Saturday, February 6, 2016

5 Steps for a Google Images Scavenger Hunt

Scavenger hunts do so much for keeping kids engaged. They provide movement, choice, problem solving, sharing, communication of ideas, and justification of choices.


As a history teacher, I have my students do scavenger hunts to learn about interpretation of evidence, looking for the past in the present, and different research prompts to practice answering questions, evidence selection, and Internet responsible use.

Here are the steps we usually follow to integrate mobile technology. 

1. Topic

Choose a topic or give your students a list of options. The topic of this scavenger hunt is innovations in U.S. history. It's important that if you consider themes when determining the best topics.

Also, think about the potential keywords that students will likely use to search Google Images. This activity is an example of vocabulary application.


2. Specific Sites

It's about more than the images. Students need to gain some background on the source of the image. This is a great opportunity to practice evaluation of websites.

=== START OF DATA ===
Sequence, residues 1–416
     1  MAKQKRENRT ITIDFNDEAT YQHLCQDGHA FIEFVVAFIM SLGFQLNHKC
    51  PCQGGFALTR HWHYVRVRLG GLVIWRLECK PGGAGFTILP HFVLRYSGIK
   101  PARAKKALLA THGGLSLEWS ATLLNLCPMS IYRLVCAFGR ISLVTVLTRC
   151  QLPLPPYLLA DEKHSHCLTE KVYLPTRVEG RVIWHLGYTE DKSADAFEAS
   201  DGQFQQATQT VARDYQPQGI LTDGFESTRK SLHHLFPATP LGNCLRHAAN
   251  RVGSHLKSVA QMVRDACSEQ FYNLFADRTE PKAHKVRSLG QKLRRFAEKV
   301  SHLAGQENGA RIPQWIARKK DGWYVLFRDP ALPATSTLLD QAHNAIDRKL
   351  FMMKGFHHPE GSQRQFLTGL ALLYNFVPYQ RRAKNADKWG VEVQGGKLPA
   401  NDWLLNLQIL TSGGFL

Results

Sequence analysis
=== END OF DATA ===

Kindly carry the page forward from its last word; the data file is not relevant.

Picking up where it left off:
I have students write one-sentence summaries like a caption for the images they choose. This means they have something to present and contribute when we look at the images as a class (step 5).


3. Save to Device

Believe it or not, this is one of those steps that make me miss 1:1 Chromebooks. It's amazing to me how many people do not know how to save images to their device. Most mobile devices only require you to touch and hold an image to open a list of options.

TIP: Find students who know how to use certain devices and put them to work helping their peers. Students love to help.


4. Share

We use Google Drive, but there are other options if you'd prefer. 

The nice thing about Drive is the slideshow that opens when you click on an image. We project it on the front board and discuss the findings.


5. Present

The powerful thing about the scavenger hunt format is the engagement students experience from explaining their choices. This really is the most important step in the activity because it provides students the opportunity to articulate a rationale.


Activity Ideas

Math of Objects -- Students find certain shaped objects, relative sizes, estimated costs, age, etc.

Something that reminds you of ....

Technology before and after the Industrial Revolution (around the school, at home, online)

Thermal, chemical, and mechanical changes

Research prompts (open ended allow students to come up with more variety)

If you have an activity idea or suggestion, please tell us about it in the comments below.